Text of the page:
Instead, the reader has to wade through a muddled theory of how city life is better for us and the environment, despite terrorists (the twin tower deaths were no big deal, btw)* and a super flu. Though I live in a fairly large city, and it's convenient and useful (and while I will probably remain in a city for the remainder of my life, I'm not particularly attached to city life), I find his constant "city is everything" methodology annoying (and cities without green space, really?)
*While that's not what Johnson said or meant, the way he phrased that section made it seem as if he were belittling (not in the sense of making light of, but more brushing aside) the loss of human life. This is my opinion of his writing - you may see it differently.(less)
Basic start-up info w/some interesting sites listed (but this type of book can get dated very quickly). Organized by record type with additions for sp...moreBasic start-up info w/some interesting sites listed (but this type of book can get dated very quickly). Organized by record type with additions for specialized research (jewish, african-american, dna). However, it was all academic - this book was written for American researchers (which I am not).(less)
An exposé of the worst of human nature in a place that can very much kill you for the slightest error. The two main stories (the author's and Dr. Nils...moreAn exposé of the worst of human nature in a place that can very much kill you for the slightest error. The two main stories (the author's and Dr. Nils Antezana) were interesting and (in the case of the doctor's) heartbreaking (the guide was a sociopath, but if Antezana had been having misgivings before climbing, he could have walked away - hindsight is 20/20, but just saying).
However, the formatting of the book was horribly disjointed and very much detracted from the stories the author was trying to tell. Each chapter started out with a date and a story, it then flipped to another story, then back to the past, then a short bio of a character, then back to the first story, etc. - all in one chapter. I had to keep flipping back to see where I was and with whom...very frustrating. And both of the main stories ended before the book, with the last chapter(s) floating away on other tangents.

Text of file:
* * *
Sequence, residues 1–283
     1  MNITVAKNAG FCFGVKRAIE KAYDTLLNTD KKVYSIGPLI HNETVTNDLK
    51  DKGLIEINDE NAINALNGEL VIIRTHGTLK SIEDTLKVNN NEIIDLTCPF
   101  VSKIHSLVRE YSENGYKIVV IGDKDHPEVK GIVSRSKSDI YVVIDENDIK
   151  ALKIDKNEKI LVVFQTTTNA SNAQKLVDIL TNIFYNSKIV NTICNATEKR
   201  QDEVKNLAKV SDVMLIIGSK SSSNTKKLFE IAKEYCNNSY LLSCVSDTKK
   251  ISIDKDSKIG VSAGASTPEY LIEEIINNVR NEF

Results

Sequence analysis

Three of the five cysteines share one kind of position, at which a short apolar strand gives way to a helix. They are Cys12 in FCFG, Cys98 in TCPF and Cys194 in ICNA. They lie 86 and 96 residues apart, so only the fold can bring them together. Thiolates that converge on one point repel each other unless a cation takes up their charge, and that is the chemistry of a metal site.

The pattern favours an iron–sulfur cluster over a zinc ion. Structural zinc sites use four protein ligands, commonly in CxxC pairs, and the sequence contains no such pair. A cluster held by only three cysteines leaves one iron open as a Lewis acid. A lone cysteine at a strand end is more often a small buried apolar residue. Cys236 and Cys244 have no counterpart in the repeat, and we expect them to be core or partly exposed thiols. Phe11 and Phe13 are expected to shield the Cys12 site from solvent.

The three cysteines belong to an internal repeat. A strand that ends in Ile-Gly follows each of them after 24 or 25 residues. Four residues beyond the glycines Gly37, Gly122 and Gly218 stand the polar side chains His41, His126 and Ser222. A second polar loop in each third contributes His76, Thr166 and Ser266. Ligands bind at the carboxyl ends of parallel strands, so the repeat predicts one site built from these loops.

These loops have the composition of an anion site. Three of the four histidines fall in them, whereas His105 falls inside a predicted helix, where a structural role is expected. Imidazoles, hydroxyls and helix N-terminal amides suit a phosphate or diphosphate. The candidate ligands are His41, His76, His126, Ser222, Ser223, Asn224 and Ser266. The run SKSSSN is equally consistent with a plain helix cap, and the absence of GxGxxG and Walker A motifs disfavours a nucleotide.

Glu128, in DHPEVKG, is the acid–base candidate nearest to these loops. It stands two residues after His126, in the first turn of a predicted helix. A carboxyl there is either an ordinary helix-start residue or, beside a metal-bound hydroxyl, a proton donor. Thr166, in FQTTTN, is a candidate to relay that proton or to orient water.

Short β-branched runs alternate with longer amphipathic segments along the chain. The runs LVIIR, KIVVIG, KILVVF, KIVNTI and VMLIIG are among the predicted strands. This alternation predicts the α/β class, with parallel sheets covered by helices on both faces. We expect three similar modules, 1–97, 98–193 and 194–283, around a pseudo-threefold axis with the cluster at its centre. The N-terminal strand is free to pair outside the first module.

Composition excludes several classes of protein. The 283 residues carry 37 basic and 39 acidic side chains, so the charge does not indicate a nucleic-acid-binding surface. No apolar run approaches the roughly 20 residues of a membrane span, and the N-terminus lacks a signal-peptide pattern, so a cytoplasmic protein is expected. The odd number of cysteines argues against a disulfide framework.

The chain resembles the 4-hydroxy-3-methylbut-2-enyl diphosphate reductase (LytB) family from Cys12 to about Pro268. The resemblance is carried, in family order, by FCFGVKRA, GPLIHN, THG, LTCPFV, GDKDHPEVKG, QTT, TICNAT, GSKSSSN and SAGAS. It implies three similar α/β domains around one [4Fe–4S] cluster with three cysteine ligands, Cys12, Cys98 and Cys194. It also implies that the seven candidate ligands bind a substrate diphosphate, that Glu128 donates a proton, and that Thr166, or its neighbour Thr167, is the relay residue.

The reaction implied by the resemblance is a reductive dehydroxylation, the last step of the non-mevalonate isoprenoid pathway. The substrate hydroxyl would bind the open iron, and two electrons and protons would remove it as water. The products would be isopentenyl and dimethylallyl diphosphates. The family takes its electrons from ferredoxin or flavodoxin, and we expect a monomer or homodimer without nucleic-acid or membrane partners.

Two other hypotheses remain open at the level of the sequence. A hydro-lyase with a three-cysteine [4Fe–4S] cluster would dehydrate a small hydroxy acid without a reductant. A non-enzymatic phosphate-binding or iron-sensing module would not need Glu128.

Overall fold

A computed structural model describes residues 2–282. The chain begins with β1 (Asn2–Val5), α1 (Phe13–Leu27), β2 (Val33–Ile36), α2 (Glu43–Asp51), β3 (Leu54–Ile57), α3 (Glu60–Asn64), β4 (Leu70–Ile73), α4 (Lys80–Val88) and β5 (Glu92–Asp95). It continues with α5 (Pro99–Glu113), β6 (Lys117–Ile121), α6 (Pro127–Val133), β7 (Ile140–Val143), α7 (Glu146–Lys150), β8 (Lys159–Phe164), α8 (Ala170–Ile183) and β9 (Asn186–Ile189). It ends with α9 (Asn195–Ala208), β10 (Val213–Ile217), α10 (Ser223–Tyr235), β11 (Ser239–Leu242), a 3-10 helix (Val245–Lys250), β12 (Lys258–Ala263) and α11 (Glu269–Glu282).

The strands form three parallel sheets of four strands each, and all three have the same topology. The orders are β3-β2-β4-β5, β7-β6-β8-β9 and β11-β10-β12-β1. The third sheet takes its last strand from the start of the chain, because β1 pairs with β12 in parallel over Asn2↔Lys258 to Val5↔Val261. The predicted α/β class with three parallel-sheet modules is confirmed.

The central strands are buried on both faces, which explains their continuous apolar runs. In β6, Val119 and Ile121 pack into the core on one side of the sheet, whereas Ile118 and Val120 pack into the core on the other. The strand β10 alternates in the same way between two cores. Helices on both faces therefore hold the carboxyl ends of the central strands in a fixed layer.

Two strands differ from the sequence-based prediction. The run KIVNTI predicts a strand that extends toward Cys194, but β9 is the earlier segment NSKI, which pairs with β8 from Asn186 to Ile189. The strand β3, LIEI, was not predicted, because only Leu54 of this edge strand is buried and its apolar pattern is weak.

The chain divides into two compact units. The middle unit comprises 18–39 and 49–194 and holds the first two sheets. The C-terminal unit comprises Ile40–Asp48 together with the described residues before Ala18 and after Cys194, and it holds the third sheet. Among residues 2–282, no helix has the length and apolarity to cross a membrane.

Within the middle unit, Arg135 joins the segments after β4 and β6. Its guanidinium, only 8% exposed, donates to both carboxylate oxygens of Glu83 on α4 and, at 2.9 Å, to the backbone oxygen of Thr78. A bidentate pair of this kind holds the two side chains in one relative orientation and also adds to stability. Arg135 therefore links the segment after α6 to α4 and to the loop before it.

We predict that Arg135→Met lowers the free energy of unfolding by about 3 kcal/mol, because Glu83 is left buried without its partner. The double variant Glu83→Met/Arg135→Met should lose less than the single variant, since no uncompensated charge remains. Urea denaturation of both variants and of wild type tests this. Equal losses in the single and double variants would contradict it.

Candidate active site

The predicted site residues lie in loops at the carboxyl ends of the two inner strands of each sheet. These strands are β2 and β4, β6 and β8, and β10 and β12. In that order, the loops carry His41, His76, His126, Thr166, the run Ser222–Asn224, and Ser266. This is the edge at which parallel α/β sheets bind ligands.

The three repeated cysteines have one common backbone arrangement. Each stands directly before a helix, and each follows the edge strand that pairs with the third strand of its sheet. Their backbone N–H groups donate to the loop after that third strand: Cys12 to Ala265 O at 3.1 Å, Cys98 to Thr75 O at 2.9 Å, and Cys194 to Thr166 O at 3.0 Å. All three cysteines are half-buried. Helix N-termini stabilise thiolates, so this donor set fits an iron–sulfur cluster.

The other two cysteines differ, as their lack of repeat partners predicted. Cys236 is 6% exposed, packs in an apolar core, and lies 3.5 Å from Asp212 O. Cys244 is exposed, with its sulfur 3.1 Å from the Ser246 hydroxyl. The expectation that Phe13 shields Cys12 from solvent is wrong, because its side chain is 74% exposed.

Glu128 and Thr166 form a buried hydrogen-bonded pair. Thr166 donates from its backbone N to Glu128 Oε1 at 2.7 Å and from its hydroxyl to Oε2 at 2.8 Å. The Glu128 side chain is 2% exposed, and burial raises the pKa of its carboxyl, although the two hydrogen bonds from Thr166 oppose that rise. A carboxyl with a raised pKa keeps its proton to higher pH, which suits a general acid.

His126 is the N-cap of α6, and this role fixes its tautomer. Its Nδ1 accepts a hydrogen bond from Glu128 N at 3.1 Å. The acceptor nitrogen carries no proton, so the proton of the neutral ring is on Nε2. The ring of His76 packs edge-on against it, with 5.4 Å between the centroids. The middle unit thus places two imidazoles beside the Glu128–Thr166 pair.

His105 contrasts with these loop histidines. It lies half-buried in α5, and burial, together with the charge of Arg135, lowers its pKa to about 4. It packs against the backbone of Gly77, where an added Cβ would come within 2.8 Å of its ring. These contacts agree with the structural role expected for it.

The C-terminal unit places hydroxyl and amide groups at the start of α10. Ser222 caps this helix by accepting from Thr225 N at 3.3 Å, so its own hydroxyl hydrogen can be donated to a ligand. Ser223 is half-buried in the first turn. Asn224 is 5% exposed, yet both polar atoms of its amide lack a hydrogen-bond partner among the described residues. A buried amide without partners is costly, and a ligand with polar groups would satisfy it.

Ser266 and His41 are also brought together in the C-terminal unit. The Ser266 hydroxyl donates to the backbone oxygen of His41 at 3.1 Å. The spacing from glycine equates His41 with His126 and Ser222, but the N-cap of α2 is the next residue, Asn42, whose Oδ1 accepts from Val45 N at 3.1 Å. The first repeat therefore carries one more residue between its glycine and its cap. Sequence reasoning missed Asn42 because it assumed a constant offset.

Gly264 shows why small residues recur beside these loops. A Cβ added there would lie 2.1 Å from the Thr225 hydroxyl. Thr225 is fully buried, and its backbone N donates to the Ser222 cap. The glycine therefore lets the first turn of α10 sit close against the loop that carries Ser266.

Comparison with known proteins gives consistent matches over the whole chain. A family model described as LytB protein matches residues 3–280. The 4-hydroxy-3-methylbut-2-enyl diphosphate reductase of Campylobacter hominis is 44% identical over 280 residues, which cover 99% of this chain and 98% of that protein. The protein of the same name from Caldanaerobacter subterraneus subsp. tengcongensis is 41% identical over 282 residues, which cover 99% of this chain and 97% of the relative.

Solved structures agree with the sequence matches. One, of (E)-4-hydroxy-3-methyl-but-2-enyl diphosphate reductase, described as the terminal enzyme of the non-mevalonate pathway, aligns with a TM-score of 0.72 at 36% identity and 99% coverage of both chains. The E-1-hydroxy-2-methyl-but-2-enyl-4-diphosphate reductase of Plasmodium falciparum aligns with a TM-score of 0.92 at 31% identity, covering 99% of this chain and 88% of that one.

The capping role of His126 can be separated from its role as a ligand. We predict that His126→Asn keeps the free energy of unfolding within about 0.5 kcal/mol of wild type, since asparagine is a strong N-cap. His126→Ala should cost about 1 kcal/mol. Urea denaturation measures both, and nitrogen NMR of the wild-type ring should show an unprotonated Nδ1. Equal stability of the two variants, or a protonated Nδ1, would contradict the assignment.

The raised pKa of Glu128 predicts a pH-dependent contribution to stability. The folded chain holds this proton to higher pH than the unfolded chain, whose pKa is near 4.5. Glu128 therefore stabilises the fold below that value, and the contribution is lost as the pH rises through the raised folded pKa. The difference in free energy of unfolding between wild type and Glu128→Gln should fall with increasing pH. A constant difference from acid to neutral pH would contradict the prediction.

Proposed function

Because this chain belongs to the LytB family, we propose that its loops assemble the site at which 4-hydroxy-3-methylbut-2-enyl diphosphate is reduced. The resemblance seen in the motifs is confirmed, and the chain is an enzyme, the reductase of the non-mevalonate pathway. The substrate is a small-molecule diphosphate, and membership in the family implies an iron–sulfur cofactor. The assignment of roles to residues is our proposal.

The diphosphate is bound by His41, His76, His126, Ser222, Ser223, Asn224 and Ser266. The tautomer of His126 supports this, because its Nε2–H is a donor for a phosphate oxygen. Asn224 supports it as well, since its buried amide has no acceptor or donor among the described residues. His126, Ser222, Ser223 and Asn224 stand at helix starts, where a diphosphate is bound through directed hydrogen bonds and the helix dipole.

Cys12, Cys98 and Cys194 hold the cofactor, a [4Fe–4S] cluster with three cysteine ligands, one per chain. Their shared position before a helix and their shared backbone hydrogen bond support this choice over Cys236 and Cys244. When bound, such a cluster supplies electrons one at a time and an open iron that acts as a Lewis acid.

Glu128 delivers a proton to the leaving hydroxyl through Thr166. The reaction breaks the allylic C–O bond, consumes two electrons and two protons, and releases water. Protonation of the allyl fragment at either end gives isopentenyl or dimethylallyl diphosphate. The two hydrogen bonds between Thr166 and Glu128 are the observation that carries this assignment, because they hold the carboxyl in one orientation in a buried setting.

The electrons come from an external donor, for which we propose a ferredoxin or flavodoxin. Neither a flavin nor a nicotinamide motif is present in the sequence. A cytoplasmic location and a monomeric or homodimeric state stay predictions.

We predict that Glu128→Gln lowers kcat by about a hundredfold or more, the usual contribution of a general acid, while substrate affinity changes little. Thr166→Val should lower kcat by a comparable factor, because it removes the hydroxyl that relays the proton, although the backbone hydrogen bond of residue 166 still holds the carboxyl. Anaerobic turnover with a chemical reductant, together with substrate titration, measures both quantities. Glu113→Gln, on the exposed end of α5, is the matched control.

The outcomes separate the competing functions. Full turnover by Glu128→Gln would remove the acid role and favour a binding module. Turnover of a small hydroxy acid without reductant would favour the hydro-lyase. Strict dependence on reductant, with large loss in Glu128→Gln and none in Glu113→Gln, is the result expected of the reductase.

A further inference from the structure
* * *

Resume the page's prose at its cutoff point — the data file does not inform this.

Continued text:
The author does not touch on the subject of his subtitle ("The fate of Everest..."), but merely tells his (rather negative) stories. I'm not saying that the stories are not true, but a little addition of goodness and distance (on the author's part - he was too close to the subject matter - obviously, but still) would have infused the life of the book, instead of a bitter rant that it turns into.(less)
Being an armchair mountaineer (the closest thing to a mountain I climb is a ladder), you always hear about the climbers - the thrill, the close shave,...moreBeing an armchair mountaineer (the closest thing to a mountain I climb is a ladder), you always hear about the climbers - the thrill, the close shave, the impossible against all odds, and those that remain on the mountain. Maria Coffey presents the other side of the coin - the spouses, children, parents and friends left behind. She has presented a wide variety of perspectives, including her own as a girlfriend of a climber who didn't come home, showcasing the feelings and thoughts of those who decided to share (spouses or signifigant others), or were forced to share (parents and child), the decisions of a climb. At times heartbreaking, I found it was sometimes difficult to get through, but it was worth reading. None of the whys were answered (why climbers choose to climb, why significant others/spouses choose to stay, etc.), but that wasn't the point - the stories, the emotions were everything. A good read to balance out the adventure.(less)